Alzheimer’s is a devastating disease

Jamie 
Hammer, 
director of nursing at Trinity Homes, displays some of the sensory activities that Alzheimer’s patients work with at the nursing home.

Andrea 
Johnson/MDN

Jamie Hammer, director of nursing at Trinity Homes, displays some of the sensory activities that Alzheimer’s patients work with at the nursing home. Andrea Johnson/MDN

Alzheimer’s disease can be a disease as devastating for family members as it is for those who are living with the degenerative brain disease.

Chennille Currier, Williston, has two family members living with the disease – her mother, Debby Olson, and her grandfather.

“My mom is directly affected,” said Currier. “She was diagnosed with early onset Alzheimer’s at 56.”

Currier and other family members resolved to care for their loved one as best they can at home.

“You just take every day as it comes,” said Currier. “My, dad, myself and three siblings serve as caretakers for her.”

Currier said there were behavioral changes that indicated there was something very wrong with her mom.

“She was let go from a position that she’d worked in for 15 years because she wasn’t able to catch on to the software,” said Currier.

She said Currier struggled to find the words for something she wanted to say. She withdrew from activities, even though she’d always been very active in the community.

Currier and her family learned that there is no cure as yet and no real way to slow the onset of the disease, but medical professionals do what they can to manage the symptoms.

It is hard to explain the effects of the illness to people who don’t live with it day by day. Currier said she stresses the importance of a support network and for caretakers to take the time to care for themselves as well.

Her mom still lives at home with her husband and her children help care for her. Her paternal grandfather, who also has Alzheimer’s, is also able to live at home and is cared for by family.

A large group of family and friends walked to raise money for the Alzheimer’s Association last month. She said the Alzheimer’s Association is a great resource for people living with Alzheimer’s and for their caregivers.

The organization is offering classes across the state in September, providing offering practical tips for caregivers on topics such as effective communication strategies with someone who has Alzheimer’s, understanding and responding to dementia related behavior and the latest research on heading off Alzheimer’s.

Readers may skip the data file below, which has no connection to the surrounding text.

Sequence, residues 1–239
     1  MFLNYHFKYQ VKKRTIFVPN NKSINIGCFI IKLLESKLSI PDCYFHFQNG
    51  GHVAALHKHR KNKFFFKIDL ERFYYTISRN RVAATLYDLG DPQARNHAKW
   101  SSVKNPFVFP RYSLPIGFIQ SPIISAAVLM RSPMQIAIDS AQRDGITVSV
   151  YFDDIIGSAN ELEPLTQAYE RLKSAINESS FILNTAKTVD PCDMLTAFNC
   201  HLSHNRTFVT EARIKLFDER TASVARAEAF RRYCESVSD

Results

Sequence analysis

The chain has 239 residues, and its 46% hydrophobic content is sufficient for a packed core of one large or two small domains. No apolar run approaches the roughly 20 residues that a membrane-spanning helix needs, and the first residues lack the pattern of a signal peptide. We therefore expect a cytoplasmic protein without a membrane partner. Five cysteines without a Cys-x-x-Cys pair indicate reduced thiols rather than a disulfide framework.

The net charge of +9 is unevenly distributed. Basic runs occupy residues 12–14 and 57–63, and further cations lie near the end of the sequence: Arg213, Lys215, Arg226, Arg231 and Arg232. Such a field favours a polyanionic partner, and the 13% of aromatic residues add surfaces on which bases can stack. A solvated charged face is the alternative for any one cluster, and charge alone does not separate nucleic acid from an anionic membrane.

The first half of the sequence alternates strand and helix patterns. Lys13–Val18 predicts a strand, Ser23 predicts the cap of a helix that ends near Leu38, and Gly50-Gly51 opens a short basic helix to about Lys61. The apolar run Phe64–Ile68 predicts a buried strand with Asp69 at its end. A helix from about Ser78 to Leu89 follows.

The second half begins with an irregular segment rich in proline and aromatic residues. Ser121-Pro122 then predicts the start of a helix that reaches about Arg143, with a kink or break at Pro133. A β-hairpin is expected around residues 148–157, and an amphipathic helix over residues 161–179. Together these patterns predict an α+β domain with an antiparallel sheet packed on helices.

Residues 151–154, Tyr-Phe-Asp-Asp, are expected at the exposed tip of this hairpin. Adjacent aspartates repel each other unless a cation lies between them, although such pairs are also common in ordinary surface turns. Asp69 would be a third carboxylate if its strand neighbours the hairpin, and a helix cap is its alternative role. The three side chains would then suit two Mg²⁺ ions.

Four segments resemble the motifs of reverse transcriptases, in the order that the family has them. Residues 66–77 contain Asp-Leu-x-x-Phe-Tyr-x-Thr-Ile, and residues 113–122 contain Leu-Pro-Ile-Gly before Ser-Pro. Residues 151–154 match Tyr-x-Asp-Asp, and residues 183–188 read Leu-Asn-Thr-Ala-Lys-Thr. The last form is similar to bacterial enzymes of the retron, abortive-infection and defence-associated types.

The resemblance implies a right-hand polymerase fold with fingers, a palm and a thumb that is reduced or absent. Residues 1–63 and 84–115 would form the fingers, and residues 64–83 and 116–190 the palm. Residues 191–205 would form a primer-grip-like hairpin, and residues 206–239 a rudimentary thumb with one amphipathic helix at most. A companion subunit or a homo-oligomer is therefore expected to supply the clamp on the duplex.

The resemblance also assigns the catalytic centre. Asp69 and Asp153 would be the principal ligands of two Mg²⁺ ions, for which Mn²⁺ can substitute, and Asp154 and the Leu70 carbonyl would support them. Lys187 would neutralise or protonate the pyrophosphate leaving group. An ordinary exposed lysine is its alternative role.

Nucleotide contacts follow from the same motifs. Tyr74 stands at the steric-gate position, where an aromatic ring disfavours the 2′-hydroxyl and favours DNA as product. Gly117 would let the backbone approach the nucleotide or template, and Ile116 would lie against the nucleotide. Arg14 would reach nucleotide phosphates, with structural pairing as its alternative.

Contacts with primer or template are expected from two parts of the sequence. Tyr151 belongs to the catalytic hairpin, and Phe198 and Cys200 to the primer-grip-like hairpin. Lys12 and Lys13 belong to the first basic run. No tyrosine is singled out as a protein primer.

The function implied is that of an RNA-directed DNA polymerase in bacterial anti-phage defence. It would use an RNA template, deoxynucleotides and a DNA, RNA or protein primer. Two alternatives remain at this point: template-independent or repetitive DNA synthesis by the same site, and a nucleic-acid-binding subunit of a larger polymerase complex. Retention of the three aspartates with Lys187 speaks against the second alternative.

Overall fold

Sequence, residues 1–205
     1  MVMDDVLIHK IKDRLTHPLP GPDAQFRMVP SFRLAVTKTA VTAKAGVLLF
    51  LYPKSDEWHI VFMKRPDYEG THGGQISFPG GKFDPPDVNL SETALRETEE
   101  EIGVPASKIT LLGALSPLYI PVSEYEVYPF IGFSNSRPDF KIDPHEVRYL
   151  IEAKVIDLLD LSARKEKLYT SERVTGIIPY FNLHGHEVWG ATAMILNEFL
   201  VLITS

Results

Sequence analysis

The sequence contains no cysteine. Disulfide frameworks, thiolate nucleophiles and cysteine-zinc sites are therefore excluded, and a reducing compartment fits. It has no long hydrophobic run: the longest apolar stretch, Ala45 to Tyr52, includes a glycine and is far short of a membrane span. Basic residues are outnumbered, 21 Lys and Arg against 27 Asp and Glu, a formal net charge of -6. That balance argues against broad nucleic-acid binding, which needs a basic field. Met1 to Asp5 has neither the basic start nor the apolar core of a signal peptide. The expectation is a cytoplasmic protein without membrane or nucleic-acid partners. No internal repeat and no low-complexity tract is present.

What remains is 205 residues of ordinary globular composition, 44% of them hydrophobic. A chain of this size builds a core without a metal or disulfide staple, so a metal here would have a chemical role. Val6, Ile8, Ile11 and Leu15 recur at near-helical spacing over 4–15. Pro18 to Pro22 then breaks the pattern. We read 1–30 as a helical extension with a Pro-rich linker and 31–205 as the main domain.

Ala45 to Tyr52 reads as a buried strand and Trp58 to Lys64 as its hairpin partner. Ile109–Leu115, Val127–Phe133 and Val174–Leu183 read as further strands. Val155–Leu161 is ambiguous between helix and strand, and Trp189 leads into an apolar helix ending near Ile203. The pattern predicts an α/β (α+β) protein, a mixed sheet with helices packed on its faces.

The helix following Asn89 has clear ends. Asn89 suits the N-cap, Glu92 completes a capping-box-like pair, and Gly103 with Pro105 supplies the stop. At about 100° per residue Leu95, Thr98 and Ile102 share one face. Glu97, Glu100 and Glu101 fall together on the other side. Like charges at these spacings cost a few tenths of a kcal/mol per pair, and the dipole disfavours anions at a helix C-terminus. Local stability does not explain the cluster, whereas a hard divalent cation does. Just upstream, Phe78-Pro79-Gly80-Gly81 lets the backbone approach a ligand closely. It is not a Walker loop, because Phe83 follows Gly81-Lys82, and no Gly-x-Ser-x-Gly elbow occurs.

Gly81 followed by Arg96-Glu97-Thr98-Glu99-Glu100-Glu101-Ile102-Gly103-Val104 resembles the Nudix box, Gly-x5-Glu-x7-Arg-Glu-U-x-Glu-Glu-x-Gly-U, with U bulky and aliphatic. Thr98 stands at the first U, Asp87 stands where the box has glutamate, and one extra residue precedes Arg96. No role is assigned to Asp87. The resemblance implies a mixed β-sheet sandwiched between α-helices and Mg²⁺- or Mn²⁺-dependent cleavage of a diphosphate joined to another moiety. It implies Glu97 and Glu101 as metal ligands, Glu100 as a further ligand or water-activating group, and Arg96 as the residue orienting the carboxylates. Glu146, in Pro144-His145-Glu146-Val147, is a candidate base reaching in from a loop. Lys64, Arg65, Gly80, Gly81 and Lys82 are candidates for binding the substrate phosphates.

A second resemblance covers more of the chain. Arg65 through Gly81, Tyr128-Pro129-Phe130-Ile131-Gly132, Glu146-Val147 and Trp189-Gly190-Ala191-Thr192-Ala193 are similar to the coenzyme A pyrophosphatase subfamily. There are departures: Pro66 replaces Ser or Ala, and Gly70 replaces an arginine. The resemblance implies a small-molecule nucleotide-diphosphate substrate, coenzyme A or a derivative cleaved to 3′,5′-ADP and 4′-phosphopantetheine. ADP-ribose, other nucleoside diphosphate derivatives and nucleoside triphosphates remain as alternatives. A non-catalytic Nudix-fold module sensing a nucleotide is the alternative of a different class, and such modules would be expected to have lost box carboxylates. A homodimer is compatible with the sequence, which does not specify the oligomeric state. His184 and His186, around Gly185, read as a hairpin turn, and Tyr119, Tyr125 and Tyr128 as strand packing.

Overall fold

Currier said her mother also has a good doctor in Williston whom they see every six months. The doctor runs tests of her mother’s cognitive ability.

“My big thing is to take it day by day and just know that whether it’s here or later, they’ll get their healing,” said Currier. “Love them even when they’re not able to express that love.”

Jamie Hammer, the director of nursing at Trinity Homes in Minot, said Alzheimer’s is a health problem that looms large on the horizon as Baby Boomers age. One statistic says that more than 28 million Baby Boomers will eventually develop Alzheimer’s and the disease will account for about 28 percent of Medicare spending.

At Trinity Homes there are 20 memory care beds and 12 transitional care beds for people living with Alzheimer’s. Both are in secure units and residents are closely monitored to keep them from wandering off.

Many people who require nursing care are in the later stages of the illness.

Early signs of a problem – like those noticed by Olson’s family – might include memory loss that disrupts daily life, finding it a challenge to plan ahead or solve problems, trouble understanding visual images and trouble with spatial ability. Hammer said families might notice that the loved one seems to bump into things a lot and experiences more falls. If they misplace something, they may have trouble retracing their steps and finding it again. Families might notice a change in the person’s mood or personality and the person may withdraw from work or social settings.

Medical care can help. Some medications like cholinesterase inhibitor might help delay or slow the worsening of symptoms, said Hammer. Memantine might help to improve memory and attention.

But there is no real cure.

People can interact with a loved one who has Alzheimer’s by engaging the five senses. For instance, a caregiver might show the patient an object he remembers from when he was younger and use it to discuss a memory. The smell or taste of an apple pie can bring back early memories. The comfort of a caring touch is also important.

Hammer said communication with an Alzheimer’s patient means using simple words and phrases. Caregivers and family members should always speak to the Alzheimer’s patient in a respectful manner and should treat them as the age that they are.

Volunteers as well as family members spend hours reading to residents in the Alzheimer’s unit or engaging with them in other ways. Hammer said the nursing home has a garden where Alzheimer’s patients might work. They also go to different outings, such as taking trips to the zoo.

Hammer said research suggests that eating a healthy diet, getting plenty of sleep and exercise and engaging with friends and family are possible ways to reduce the chance of getting Alzheimer’s. Others work with memory puzzles or other activities that help keep the mind sharp.